DEAN KEATES believes the current state of play proves football is nothing without fans - and he’s glad Wrexham have some of the very best.

The return of the Premier League behind-closed-doors has been met with mixed reviews, while Championship football and the League Two play-offs are also back up and running.

Some sides have visibly struggled to cope without the backing of their fans, and Keates has been an interested onlooker.

“Football is nothing without fans,” declared Reds boss Keates, who doesn’t expect the return of football at National League level until it’s safe for fans to attend matches.

“We’re all watching games and there’s no atmosphere, nothing.

“A lot of players need to feed off the crowd. Do players find an extra 10 or 15 per cent when they are being roared on from fans on the terraces?

“It seems to make players run faster and work harder. It really can be like a 12th man to teams and I think that’s what people are finding out.

“Most games at the moment are like a half pitch practice where one team attacks and the other goes into a low block, before they break and the roles are reversed.

“It’s still early in their return to playing after a long break and it might be a case of them showing what they are really capable of on the final week, or over the final couple of weeks, before the season comes to an end.”

When football can return at National League level, Keates is striving to give Wrexham fans a team to throw their complete support behind.

“When this football club is flying then it’s not a good place for opposition teams to come,” said Keates. “It’s something I want to get across to the playing group when we return.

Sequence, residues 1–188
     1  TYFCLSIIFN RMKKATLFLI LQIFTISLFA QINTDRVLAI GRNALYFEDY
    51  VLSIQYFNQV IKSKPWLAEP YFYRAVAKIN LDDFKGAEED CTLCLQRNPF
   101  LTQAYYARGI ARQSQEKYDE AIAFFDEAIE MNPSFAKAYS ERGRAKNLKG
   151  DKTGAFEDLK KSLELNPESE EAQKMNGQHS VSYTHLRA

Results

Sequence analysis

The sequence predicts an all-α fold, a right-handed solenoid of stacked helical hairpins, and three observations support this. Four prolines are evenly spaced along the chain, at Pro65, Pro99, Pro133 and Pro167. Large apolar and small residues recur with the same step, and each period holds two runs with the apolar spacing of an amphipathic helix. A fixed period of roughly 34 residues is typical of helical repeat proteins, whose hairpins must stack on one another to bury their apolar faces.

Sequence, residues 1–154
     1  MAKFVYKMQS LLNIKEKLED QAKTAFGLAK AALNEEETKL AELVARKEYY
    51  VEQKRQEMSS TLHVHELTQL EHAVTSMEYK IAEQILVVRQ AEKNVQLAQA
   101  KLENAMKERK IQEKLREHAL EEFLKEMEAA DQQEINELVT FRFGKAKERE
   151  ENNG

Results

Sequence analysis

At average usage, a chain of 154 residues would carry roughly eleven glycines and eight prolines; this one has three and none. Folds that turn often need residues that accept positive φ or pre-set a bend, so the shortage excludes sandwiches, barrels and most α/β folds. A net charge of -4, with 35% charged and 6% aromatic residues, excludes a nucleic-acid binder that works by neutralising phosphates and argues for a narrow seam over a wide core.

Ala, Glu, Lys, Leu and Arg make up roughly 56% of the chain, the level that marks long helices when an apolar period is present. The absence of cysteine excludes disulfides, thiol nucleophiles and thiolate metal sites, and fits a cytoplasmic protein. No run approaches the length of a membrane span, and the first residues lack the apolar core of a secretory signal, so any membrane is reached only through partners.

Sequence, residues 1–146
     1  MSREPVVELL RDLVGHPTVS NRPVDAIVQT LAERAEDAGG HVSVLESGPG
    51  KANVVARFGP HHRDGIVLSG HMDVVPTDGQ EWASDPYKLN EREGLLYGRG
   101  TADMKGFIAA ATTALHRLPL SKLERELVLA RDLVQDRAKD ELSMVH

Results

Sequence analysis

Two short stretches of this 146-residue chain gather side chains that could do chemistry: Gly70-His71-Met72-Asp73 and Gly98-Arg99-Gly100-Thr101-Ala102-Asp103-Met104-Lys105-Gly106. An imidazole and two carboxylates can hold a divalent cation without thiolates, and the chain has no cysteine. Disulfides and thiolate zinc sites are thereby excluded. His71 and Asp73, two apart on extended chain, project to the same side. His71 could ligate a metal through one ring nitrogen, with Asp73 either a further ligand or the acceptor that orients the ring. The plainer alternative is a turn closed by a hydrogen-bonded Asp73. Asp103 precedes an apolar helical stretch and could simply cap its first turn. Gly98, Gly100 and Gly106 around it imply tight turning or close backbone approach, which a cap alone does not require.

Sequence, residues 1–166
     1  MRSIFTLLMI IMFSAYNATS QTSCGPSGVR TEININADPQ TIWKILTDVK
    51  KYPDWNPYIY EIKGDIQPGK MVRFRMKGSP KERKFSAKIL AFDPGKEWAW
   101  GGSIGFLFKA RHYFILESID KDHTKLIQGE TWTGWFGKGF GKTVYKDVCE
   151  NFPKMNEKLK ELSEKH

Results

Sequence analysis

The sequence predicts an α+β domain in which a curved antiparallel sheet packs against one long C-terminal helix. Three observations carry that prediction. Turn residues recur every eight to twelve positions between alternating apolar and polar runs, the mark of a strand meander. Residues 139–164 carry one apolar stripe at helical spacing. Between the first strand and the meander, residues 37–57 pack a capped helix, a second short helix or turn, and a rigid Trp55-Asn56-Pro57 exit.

“If we aren’t at the required standards then players come and they raise their game, there’s no denying that, because it’s a great stadium and a great surface for them to play on.

“Not many players at our level play in-front of between 4,500-6,000 fans on a regular basis.

“It’s up to us to get our fans behind us and making life difficult for the opposition when we return to action.”

Wrexham fans have certainly thrown their support behind the club’s Unite To Save The Town scheme, which has raised over £28,000 since it was launched late last month.

“It’s unbelievable what the fans have done and what they continue to do,” said Keates.

“We’ve been here before asking the fans to help and what they continue to do for us is great.

“We need to make sure that what we produce on the pitch when we return to playing gives the fans a reason to be behind us and be that 12th man.

“When the club is fighting for promotion then the atmosphere is difficult for away teams to play in.”